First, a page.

The Early Romantic Period: POETRY

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In deze les zitten 20 slides, met tekstslides en 5 videos.

time-iconLesduur is: 50 min

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Slide 1 - Link

POETRY: Thomas Gray
The ideas behind Early Romantic poetry were a reaction against the rules and regulations of the Neo-Classicism of the eighteenth century. The Neo-Classicists rejected originality; Early Romantic poets, on the other hand, believed in individualism, imagination and emotion.  Thomas Gray was one of their precursors [=voorlopers]. He is remembered for one poem: "Elegy [=Klaagzang] Written In a Country Churchyard" (1751). It reflects the growing interest in nature, solitude and the common man. Its theme is Death and the vanity of human life and achievements. It's a melancholic poem written by a man who suffered from melancholia.

Slide 2 - Tekstslide

Slide 3 - Video


1     The curfew tolls the knell of parting day,
2     The lowing herd wind slowly o'er the lea,
                3     The ploughman homeward plods his weary way,
         4      And leaves the world to darkness and to me.

Slide 4 - Tekstslide

De avondklok slaat het laatste uur van de dag,
De loeiende koeien lopen langzaam over het veld,
de ploeger loopt vermoeid naar huis,
en laat de wereld in duisternis en voor mij.

Slide 5 - Tekstslide

                      5    Now fades the glimmering landscape on the sight,
6    And all the air a solemn stillness holds, 
                   7     Save where the beetle wheels his droning flight,
     8     And drowsy tinklings lull the distant folds;

Slide 6 - Tekstslide

Nu vervaagt het glimm'rend landschap voor de ogen,
en heel de lucht is plechtig stil,
behalve waar de kever zoemt door de lucht,
en waar hun bellen de verre kuddes in slaap wiegt.

Slide 7 - Tekstslide

9   Save that from yonder ivy-mantled tower
   10    The moping owl does to the moon complain
    11    Of such, as wandering near her secret bower,
12    Molest her ancient solitary reign.

Slide 8 - Tekstslide

9   Behalve dat van verre klimop-bedekte toren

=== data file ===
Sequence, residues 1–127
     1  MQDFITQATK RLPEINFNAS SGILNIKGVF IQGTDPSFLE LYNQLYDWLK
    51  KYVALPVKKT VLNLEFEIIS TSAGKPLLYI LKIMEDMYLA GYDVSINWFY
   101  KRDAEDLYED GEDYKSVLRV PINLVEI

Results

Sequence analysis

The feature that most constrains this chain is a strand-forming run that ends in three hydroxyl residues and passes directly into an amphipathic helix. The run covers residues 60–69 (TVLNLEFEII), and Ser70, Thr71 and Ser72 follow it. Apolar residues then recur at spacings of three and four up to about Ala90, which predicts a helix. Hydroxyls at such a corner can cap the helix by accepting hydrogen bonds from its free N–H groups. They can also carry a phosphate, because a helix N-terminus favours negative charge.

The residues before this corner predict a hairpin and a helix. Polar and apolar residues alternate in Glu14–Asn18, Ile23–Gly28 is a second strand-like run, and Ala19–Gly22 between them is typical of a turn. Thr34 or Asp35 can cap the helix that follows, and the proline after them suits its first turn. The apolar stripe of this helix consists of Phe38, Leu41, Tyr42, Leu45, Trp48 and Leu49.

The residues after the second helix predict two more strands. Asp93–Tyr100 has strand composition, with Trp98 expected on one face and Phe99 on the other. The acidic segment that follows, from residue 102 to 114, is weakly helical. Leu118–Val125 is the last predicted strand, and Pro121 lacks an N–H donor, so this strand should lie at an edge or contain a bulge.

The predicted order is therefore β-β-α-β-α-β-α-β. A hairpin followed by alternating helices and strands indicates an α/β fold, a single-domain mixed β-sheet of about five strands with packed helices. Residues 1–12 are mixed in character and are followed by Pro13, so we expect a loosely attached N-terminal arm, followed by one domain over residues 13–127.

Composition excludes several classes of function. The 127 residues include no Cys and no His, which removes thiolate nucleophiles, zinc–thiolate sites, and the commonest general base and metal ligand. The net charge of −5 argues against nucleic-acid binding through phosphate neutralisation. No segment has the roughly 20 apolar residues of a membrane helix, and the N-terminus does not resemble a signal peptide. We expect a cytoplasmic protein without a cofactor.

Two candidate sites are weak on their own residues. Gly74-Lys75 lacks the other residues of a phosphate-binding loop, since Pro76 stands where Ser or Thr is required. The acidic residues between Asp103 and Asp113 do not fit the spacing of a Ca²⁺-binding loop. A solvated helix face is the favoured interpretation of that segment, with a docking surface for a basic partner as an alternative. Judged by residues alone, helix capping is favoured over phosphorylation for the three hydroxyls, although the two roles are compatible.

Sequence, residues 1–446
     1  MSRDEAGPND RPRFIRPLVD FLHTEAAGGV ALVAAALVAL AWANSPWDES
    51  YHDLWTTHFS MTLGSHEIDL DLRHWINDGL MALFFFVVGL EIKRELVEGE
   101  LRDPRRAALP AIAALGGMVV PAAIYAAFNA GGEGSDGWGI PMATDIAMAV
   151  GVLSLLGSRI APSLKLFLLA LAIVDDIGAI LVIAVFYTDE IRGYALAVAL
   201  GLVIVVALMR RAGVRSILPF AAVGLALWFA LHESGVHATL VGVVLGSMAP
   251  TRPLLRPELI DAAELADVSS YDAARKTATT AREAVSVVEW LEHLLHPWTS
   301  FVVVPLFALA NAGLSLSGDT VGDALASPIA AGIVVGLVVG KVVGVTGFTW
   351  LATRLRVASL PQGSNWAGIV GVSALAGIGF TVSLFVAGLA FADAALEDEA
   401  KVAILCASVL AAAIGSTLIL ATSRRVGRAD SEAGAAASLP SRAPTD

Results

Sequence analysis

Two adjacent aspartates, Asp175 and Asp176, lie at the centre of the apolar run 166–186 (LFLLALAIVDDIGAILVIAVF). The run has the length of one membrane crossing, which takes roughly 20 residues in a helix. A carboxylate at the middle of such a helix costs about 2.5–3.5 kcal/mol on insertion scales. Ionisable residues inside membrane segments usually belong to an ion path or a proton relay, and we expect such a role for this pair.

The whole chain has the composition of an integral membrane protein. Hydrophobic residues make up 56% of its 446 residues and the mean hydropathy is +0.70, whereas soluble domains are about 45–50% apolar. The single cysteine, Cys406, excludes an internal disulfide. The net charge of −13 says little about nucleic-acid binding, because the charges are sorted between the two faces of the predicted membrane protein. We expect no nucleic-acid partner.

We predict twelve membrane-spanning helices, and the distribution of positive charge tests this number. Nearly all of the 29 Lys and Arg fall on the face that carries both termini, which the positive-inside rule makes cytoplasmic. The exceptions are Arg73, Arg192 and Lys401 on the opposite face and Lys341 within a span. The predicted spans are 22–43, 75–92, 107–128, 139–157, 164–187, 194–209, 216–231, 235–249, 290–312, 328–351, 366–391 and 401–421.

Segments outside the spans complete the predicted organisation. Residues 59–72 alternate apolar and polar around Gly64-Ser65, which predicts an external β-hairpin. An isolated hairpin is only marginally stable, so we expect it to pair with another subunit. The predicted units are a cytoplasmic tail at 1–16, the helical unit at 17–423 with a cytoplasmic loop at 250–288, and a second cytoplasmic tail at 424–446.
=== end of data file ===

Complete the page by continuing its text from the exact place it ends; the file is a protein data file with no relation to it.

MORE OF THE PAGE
10    De boze uil zich bij de maan beklaagt
    11    Over hen, die haar beschutte slaapplek te dicht naderen,
12    En haar aloude, eenzame recht verstoren.

Slide 9 - Tekstslide

13  Beneath those rugged elms, that yew-tree's shade,
14  Where heaves the turf in many a mouldering heap,
15  Each in his narrow cell for ever laid,
16  The rude forefathers of the hamlet sleep.

Slide 10 - Tekstslide

Slide 11 - Video

Slide 12 - Tekstslide

But most thro' midnight streets I hear
How the youthful Harlots curse
Blasts the new-born Infants tear
And blights with plagues the Marriage hearse 

Slide 13 - Tekstslide

stanza 1
The speaker takes a walk through the streets of London. This walk brings him near the River Thames, which seems to have its course dictated for it as it flows throughout the city. The speaker sees signs of resignation and sadness in the faces of every person he passes by.

Slide 14 - Tekstslide

stanza 2
The speaker hears this pain too, in the cries of men as well as those of fearful newborn babies. In fact, in every voice in the city, in every law or restriction London places on its population, the speaker can sense people's feelings of being oppressed by city life.

Slide 15 - Tekstslide

stanza 3
The speaker hears the cry of young chimney-sweeps, whose misery brings shame on the Church authorities. Thinking of unfortunate British soldiers dying in vain, he imagines their blood running down the walls of a palace.

Slide 16 - Tekstslide

stanza 4
Most of all, the poet hears the midnight cries of young prostitutes, who swear and curse at their situation. In turn, this miserable sound brings misery to their new-born children. Blake also imagines this sound plaguing what the speaker calls "the Marriage hearse"—a surreal imagined vehicle that carries love and death together, because the bridegroom carries the disease he contracted from the prostitute into his marriage.
marriage hearse = trouwkoets-lijkwagen

Slide 17 - Tekstslide

Slide 18 - Video

Slide 19 - Video

Slide 20 - Video